Contrary to popular belief, Bangladesh is a resource-rich country, and has remained so even after years of exploitation by a number of foreign powers, including the Mughals, the British, and the Pakistanis. The country is filled with rich coal and gas reserves, and it also has a competent workforce. After gaining independence, it has stayed poor and has failed to reach its potential mainly because of its corrupt political system. Even under such trying circumstances the country has achieved 5 percent annual economic growth during the past decade. This is precisely why a great sense of hope has prevailed in the country following the declaration of the state of emergency and the formation of the present caretaker government. Except for a small section of people who had plundered state wealth and are now facing justice, the general public is pleased with the turn of events in the country. Intellectuals both at home and abroad have described the current situation as a new opportunity for the country to cleanse its political system so that it can move forward.

Currently, under emergency rule all political activities in the country are banned, but pressure especially from outside is mounting to lift this ban, and at the same time to schedule a new election as soon as possible. The government has pledged to schedule the election by the end of 2008, or soon after election reform is completed. The country’s intellectuals and constitutional experts have supported the decision.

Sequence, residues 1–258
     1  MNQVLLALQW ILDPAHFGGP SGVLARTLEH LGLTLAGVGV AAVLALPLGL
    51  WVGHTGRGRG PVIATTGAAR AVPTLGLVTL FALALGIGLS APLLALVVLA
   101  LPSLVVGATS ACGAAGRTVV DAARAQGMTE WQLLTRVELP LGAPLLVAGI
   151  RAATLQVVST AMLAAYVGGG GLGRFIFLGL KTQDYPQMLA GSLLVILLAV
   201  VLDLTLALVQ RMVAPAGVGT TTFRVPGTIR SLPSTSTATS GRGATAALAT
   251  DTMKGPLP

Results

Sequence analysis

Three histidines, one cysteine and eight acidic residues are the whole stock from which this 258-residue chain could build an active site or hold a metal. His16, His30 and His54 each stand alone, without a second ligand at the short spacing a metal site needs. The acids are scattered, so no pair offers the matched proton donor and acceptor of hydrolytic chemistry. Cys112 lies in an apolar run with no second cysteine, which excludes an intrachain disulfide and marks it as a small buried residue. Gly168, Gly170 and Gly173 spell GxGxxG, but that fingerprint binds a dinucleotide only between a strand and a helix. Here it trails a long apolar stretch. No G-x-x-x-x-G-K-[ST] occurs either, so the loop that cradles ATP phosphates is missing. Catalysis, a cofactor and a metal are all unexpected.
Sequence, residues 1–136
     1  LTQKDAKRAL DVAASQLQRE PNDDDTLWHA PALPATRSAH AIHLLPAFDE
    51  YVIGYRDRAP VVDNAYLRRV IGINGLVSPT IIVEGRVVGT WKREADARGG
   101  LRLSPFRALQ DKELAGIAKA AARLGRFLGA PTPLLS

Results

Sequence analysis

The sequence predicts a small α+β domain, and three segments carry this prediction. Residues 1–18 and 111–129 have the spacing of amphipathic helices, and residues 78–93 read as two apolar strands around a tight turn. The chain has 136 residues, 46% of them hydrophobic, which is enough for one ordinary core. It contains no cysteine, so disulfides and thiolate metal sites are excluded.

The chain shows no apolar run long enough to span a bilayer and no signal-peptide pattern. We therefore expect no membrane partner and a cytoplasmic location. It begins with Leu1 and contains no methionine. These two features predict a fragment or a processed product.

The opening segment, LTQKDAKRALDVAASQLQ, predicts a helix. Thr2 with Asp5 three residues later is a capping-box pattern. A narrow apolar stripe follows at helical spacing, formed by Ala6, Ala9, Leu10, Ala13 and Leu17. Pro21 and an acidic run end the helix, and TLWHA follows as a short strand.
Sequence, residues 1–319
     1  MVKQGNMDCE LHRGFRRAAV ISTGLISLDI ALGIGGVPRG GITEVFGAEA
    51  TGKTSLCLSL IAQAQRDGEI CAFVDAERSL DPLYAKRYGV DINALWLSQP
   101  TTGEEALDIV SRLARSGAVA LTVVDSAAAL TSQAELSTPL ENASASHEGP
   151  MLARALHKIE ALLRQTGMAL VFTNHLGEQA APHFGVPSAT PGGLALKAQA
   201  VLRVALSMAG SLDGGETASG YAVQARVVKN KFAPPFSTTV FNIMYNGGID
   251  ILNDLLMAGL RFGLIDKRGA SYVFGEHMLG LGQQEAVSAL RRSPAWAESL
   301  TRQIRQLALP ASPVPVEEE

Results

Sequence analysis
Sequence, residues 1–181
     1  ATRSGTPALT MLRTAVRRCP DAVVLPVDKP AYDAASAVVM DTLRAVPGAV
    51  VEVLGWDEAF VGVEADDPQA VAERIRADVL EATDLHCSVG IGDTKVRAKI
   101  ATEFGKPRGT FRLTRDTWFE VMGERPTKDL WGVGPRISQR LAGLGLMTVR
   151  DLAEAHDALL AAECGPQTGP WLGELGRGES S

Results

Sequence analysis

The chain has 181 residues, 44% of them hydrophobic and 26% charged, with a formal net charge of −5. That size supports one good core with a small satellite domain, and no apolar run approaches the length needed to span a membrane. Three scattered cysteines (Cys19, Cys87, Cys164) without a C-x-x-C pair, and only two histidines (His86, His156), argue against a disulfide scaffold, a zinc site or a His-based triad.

But the leaders of the two influential parties see this delay as a great danger for them, because the present government continues to investigate their past misdeeds. Their clamor for early election is not with the country’s best interests at heart, but in order to save themselves from ongoing investigations and further embarrassments. To bring progress to Bangladesh, the need for a fair election could not be overemphasized. But pressuring the government to schedule an early election without necessary election reform might bring more harm than good. Considering the ominous circumstances under which the present caretaker government was brought to power, the world should dismiss the idea of a snap election. An election without electoral reform would simply reestablish the old system where money and muscle once ruled. Such a system should neither be desirable nor acceptable to the democratic world.

Bangladesh is clearly at a crossroads. The world has a great responsibility to help it to choose and stay on the right track, and not create obstacles for its reform. If the country fails to move forward, the future of the country will be greatly jeopardized. The present caretaker government can use help and guidance in setting up proper reforms leading to a fair election, in bringing corrupt former officials to justice, and in recovering illegally laundered money from abroad. Help in these areas would go a long way toward establishing democracy and putting the country on the path to prosperity. A prosperous Bangladesh would be beneficial to the world. #

This article was published in American Chronicle, on May 8, 2007

Professor Chowdhury teaches Economics at C.W. Post Campus of Long Island University, USA. He has wide ranging experience in international business and commerce, and has written on failure of communism and problem with developing countries. He was born in Chittagong, Bangladesh and has written extensively on his home country. His book, "Economic Exploitation of Bangladesh", addresses the economics of developing countries, using Bangladesh as a case study. He could be reached Mahfuz.Chowdhury@liu.edu